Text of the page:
Despite the waning protection against infection, the vaccine’s effectiveness against death from COVID-19 was 66.9% in children aged 3-11 years and 97.6% in adolescents aged 12-17 during the period of omicron dominance, the researchers noted.
The results are consistent with similar studies showing a decreased vaccine effectiveness against infection but a persistent effectiveness against deaths over time, the researchers wrote in the discussion section of their paper.
“Our results suggest that the primary vaccination schedule is effective in preventing mortality in children and adolescents with COVID-19 regardless of the circulating SARS-CoV-2 variant,” the researchers said.
Study limitations and strengths
The study was limited by several factors including the incomplete data on symptoms and hospital admissions, the possible impact of unmeasured confounding variables, and the observational design that prevents conclusions of causality, the researchers noted. However, the results were strengthened by the large sample size and access to detailed vaccination records, they said.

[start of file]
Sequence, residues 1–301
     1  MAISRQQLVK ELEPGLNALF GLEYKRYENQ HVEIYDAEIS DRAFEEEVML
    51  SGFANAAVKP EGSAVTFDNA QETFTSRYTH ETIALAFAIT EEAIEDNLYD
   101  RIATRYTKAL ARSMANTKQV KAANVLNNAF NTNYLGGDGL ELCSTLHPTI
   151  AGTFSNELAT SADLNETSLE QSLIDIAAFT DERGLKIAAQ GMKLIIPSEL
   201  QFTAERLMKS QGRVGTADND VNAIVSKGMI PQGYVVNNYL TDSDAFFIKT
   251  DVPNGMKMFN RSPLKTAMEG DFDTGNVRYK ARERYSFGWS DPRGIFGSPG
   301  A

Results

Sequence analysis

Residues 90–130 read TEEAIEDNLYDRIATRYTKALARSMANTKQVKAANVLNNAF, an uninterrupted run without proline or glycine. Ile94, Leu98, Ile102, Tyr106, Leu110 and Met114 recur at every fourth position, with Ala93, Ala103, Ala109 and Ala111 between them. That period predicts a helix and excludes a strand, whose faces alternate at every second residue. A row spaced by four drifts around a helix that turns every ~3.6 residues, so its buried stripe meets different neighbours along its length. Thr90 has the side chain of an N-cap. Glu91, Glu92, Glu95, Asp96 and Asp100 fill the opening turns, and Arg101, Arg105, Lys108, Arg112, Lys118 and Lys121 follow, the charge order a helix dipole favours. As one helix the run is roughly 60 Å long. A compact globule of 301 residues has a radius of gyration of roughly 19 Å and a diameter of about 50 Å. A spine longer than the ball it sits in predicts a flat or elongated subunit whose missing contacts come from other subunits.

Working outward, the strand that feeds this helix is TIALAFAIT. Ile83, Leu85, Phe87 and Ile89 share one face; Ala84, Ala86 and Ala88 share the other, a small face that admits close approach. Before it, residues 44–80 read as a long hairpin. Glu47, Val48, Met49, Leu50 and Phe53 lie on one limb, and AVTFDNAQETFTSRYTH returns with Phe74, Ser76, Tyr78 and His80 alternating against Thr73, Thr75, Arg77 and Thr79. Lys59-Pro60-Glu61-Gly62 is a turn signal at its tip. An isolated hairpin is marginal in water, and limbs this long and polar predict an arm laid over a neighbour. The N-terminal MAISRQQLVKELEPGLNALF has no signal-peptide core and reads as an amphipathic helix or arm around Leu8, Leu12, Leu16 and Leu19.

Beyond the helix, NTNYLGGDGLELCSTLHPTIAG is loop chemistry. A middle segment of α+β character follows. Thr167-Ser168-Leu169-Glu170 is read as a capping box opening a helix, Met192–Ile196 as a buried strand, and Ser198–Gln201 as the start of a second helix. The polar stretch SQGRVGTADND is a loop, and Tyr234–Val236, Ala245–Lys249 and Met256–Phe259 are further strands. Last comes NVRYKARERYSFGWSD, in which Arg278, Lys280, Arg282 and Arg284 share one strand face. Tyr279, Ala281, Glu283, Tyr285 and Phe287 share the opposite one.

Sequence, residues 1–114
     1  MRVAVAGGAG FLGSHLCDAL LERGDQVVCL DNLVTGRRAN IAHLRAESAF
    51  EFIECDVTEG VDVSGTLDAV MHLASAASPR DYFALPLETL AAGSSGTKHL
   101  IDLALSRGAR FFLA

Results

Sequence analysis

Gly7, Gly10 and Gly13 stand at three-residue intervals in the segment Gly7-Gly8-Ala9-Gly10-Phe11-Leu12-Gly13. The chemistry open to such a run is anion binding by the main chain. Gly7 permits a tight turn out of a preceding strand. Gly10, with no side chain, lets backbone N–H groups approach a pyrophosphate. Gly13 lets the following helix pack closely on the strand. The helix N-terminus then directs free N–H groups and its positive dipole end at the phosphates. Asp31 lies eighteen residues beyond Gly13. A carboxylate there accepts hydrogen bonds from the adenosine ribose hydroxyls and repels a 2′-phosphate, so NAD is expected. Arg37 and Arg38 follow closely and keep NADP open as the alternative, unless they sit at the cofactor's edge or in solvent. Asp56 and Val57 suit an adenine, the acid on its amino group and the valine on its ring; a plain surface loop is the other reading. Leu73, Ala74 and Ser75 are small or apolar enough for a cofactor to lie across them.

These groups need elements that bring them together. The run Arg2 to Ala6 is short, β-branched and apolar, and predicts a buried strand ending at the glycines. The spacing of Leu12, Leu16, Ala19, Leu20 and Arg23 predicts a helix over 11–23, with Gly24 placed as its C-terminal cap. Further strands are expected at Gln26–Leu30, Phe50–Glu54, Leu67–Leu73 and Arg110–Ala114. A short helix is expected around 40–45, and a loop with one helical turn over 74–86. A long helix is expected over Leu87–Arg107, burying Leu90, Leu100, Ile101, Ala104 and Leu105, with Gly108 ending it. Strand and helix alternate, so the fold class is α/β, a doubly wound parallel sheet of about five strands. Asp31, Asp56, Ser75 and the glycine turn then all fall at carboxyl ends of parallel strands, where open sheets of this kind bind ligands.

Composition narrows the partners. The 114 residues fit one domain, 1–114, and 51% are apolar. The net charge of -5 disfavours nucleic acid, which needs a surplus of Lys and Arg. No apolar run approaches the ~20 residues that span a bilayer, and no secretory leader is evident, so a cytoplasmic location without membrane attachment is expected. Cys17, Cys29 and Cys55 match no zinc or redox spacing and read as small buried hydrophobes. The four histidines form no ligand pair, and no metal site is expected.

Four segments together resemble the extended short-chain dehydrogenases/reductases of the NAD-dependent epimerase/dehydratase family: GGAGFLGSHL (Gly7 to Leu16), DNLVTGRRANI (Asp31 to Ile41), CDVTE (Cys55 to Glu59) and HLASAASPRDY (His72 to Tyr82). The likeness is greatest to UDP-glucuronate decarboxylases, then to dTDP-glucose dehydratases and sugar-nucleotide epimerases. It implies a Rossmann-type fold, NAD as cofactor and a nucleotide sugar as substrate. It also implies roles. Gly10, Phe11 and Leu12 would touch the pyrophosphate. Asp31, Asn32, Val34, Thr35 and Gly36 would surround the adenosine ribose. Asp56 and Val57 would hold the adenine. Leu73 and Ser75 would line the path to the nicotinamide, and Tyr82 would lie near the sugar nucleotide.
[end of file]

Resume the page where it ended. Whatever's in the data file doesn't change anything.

Both heterologous and homologous mRNA vaccine schedules showed similar effectiveness in preventing short-term infection and mortality from COVID-19 during periods of differing dominant variants, they noted.
The study findings support the vaccination of children against COVID-19 as an important public health measure to prevent mortality in children and adolescents, they concluded.
Data support value of vaccination, outside experts say
“COVID vaccines may not be as effective over time as the gene variants in the SARS-CoV-2 virus change,” Adrienne G. Randolph, MD, a pediatrician at Harvard Medical School and Boston Children’s Hospital, said in an interview. “Therefore, it is essential to assess vaccine effectiveness over time to look at effectiveness against variants and duration of effectiveness.” Dr. Randolph, who was not involved in the study, said she was not surprised by the findings, which she described as consistent with data from the United States. “COVID vaccines are very effective against preventing life-threatening disease, but the effectiveness against less severe illness for COVID vaccines is not as effective against Omicron,” she noted.